First, as far as I can tell, there are two "Big Ideas" of Algebra 1:

- Everything students already know about arithmetical expressions (adding, subtracting, multiplying, exponents, radicals, fractions, simplifying, word problems) can be extended in a consistent way to situations involving variables.
- Equations with variables give you the power to describe situations more generally than a single set of numbers allows.

I think one of the most problematic concepts of Algebra 1 is "Simplifying". It's so very easy to slip into "here are the rules for what constitutes simplified in this case, and this case, and this case..." (polynomials, exponents, rationals, radicals, ...) and so very difficult to access a big idea like, "We're trying to make our lives easier when we move on to the next step of solving or using a complicated equation that describes some situation in real life like particle physics or the stock market or the operation of an engine or the forces on a bridge." I can say that to students, but I have a hard time showing them or getting them to experience it...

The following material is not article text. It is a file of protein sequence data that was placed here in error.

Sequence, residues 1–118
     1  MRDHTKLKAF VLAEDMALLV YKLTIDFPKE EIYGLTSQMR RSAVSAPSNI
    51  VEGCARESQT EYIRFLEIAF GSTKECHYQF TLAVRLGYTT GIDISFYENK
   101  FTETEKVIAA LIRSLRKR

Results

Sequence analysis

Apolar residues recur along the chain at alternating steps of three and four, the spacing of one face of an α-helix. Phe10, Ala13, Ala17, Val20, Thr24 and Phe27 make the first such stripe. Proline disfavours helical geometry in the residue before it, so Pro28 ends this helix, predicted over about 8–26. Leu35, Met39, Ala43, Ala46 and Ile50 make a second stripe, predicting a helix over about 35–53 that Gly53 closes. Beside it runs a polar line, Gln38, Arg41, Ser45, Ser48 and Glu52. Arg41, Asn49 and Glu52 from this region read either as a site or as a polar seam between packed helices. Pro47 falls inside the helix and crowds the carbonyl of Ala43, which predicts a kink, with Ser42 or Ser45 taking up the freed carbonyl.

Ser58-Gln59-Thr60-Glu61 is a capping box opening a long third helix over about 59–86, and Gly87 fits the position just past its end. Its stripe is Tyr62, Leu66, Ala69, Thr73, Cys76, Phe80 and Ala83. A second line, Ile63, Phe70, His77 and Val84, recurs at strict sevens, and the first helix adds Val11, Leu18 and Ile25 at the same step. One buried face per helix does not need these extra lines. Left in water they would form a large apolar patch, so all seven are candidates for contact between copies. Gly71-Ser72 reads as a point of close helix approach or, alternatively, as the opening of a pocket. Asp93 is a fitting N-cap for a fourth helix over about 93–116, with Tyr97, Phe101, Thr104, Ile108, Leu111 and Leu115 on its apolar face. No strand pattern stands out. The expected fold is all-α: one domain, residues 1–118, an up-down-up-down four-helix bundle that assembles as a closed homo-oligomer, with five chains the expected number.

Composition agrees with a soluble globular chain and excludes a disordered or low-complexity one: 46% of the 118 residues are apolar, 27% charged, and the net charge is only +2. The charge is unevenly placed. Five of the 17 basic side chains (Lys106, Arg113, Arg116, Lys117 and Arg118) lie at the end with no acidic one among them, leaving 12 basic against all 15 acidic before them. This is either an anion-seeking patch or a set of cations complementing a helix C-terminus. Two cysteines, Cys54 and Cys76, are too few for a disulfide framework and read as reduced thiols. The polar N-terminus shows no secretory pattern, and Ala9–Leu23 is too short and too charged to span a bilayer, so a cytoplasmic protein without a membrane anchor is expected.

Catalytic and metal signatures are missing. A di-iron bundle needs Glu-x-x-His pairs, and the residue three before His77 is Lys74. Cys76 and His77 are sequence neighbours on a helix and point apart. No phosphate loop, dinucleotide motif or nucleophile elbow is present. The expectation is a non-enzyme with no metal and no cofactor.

Second, I find that I have some startlingly clear memories of my own Algebra 1 class in eighth grade in 1990, probably because some of the subject matter I learned never got used again. It seems like there's a lot of manipulation and variations on a theme that we teach students but aren't actually critical to their ongoing life as mathematical practicioners.

For example:

- I've used a lot of math in my life and graphed a lot of linear functions and data. All you really need is a deep and thorough understanding of y = mx + b. You do not need the point-slope form of a line. You might need the standard form when you get around to doing linear functions at a deeper level in Linear Algebra (and all of its applications in physics and economics and ...) in college, but could it wait until then?
- I've used a lot of math in my life, and while being able to factor out the greatest common factor of a polynomial is a deeply practical skill for all the math it can make easier, and factoring x^2 + bx + c offers a sort of aesthetic pleasure and can be used to ensure that students understand FOIL at a deeper, backwards operation level, no one ever tries to factor ax^2 + bx + c . You pull out the quadratic formula, because it's so much more general and so much less guess and check. Why do we then waste time teaching an essentially guess-and-check approach to solving it?